“You need to eat like a caveman” … “No, get rid of sugar and gluten only” … “No, go vegan!” Every week there is a new expert out there telling everyone the “right” way to eat, and every day I hear someone tell me that they are ready to give up figuring out how to take care of their diet.
No wonder everyone is confused. We hear testimonials from various people supporting various ways of eating. How are we supposed to find the “right” way to eat? We have forgotten how to tune into our own bodies and determine how we feel when we make certain choices for our health. Many of us go around the world disconnected from our bodies from the neck down. We avoid looking in mirrors and taking the time to really be in the moment to figure out how we feel.
Mindfulness has been tossed around in psychological literature in recent years. The word mindful means to be conscious or aware of something. Much of the time people in this culture are hyper-concerned with the past and the future, but not in the present. In order to figure out what our bodies are telling us, we need to survey the moment.
If we find ourselves trolling kitchen cabinets for food after we have just eaten, ask, “What is it that I need at this moment?” Is it at the end of the day, when we are trying to find some kind of reward or pleasure from the day? Are we sorely in need of sleep or an embrace from our partner?
It may be difficult to identify the reason at first glance, but if we try this method each time we eat when not physically hungry, the true reason may start to show up. It’s great news when we find a need that we can easily fill without food, but what happens when the need is more complex and not easily accommodated? It’s often disconcerting to acknowledge an unfulfilled need out loud. This is why we eat. Distraction is key; if we forget about what we really want, then we won’t have to deal with the feelings that come along with it.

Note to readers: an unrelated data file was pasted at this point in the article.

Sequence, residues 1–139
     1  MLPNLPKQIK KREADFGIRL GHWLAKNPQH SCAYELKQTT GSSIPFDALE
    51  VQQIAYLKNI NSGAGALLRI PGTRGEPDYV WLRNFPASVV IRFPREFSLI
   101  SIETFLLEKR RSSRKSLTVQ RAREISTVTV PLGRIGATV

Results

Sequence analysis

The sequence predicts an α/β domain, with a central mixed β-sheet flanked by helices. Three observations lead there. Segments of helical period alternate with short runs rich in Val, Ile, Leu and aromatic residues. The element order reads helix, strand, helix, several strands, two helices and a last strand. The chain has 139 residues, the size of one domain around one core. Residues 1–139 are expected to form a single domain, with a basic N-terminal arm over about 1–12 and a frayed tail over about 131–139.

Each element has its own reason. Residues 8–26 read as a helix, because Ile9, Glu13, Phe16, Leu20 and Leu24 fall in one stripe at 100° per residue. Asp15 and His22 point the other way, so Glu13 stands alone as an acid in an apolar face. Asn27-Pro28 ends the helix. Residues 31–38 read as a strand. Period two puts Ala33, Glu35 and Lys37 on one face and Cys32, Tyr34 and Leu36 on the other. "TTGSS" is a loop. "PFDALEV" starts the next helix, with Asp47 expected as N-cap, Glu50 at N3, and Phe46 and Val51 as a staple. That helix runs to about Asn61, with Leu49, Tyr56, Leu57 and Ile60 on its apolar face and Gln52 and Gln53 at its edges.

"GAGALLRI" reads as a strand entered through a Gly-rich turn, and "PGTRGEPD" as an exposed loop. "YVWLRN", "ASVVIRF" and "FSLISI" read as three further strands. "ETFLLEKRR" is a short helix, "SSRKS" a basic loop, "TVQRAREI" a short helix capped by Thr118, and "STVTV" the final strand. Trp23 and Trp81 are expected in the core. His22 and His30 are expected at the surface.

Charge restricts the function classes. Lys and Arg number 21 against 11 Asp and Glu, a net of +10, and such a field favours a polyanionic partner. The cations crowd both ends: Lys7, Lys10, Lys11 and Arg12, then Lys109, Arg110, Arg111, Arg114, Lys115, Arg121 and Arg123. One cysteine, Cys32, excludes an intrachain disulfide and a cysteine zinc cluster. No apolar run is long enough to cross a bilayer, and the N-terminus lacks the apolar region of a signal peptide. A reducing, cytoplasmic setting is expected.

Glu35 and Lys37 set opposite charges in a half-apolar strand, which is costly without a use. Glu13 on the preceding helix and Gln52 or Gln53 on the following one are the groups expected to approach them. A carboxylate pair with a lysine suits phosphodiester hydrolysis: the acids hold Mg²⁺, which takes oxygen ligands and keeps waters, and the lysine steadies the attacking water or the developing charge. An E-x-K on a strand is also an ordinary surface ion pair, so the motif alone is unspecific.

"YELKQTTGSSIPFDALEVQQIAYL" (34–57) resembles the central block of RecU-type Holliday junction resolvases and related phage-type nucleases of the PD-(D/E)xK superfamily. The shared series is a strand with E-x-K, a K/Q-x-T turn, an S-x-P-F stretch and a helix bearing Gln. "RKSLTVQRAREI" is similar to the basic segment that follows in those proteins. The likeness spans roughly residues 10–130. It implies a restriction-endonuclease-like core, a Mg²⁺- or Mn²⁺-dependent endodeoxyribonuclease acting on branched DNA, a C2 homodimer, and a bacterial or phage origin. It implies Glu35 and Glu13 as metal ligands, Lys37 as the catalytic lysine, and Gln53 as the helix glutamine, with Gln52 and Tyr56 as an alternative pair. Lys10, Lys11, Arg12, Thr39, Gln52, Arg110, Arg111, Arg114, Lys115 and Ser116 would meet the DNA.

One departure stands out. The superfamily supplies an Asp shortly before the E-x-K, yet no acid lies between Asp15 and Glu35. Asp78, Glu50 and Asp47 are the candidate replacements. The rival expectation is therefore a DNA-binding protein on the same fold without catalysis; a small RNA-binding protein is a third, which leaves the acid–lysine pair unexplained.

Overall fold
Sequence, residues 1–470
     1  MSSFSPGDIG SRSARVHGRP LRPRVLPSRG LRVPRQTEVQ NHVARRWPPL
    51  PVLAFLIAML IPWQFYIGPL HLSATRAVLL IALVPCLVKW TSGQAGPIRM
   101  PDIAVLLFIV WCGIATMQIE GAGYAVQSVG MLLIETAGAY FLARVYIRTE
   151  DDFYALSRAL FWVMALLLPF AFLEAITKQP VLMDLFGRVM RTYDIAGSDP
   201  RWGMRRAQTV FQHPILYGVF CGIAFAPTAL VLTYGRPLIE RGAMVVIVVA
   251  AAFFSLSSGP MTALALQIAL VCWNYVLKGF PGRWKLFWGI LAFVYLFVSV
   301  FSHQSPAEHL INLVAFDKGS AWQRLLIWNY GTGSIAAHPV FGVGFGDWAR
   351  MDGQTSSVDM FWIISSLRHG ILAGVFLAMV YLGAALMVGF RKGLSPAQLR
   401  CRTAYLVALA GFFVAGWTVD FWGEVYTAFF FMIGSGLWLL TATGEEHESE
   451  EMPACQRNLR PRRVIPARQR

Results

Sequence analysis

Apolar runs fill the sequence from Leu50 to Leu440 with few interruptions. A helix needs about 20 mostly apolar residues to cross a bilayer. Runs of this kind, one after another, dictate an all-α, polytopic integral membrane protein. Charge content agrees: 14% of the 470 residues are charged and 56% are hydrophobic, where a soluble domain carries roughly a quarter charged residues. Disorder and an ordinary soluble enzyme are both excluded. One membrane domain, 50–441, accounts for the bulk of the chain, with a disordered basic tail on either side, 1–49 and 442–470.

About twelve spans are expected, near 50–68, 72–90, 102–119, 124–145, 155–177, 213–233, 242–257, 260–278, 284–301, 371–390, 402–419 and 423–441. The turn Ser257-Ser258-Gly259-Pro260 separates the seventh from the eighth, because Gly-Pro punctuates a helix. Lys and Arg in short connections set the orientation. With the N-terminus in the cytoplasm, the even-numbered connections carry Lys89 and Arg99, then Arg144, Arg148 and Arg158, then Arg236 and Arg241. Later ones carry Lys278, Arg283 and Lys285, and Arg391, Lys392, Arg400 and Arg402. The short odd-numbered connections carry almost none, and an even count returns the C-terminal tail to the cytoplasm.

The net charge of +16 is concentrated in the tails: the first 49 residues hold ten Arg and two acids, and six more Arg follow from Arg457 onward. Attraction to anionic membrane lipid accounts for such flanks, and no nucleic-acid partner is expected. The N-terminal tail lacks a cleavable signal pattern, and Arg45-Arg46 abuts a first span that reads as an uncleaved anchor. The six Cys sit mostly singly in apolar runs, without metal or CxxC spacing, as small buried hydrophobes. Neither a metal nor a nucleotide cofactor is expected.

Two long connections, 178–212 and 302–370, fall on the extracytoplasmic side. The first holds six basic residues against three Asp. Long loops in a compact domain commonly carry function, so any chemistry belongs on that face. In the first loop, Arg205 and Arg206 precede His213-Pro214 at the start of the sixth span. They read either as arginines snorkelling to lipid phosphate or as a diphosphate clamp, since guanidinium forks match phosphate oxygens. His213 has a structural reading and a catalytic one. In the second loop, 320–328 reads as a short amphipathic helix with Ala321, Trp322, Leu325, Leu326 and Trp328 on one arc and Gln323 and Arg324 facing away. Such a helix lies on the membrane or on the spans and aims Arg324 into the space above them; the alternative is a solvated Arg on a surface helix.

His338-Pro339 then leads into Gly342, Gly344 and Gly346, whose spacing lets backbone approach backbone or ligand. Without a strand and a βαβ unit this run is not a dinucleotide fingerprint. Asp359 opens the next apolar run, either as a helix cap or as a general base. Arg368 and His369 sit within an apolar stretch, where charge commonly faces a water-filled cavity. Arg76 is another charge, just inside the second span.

First we have to decide if we really want to reduce/extinguish the eating behavior. If so, then it’s time to pull out your phone or notebook and take notes. Start tuning into the moment when you are grazing for extra food and note what you are feeling and what need you have. Do this for at least a week and see if there are any patterns to these needs. Now, how are you going to get those needs met? Sometimes folks enter into therapy at this point, and sometimes they enlist the help of their family and friends to help satisfy their need.
This brings us back to being mindful about how our bodies feel and how we nurture ourselves. Just like tuning into an unmet need, we can tune into how our bodies feel when we eat certain foods and decide for ourselves what a healthy diet is. If eating more fruit and less bread makes our stomach feel better, than this is our special diet. If not eating meat and eating more grain gives us more energy, then that works for us.
We have heard it lots of times—whole foods and exercise are the keys to health. Why do we have to buy off on the magic diet nuggets in order to find the key? Perhaps that information is firmly planted within, waiting for us to tune in and listen.
© Copyright 2014 GoodTherapy.org. All rights reserved. Permission to publish granted by Christina Spears-Bartunek, MS, LMHC, CHC, therapist in Kirkland, Washington
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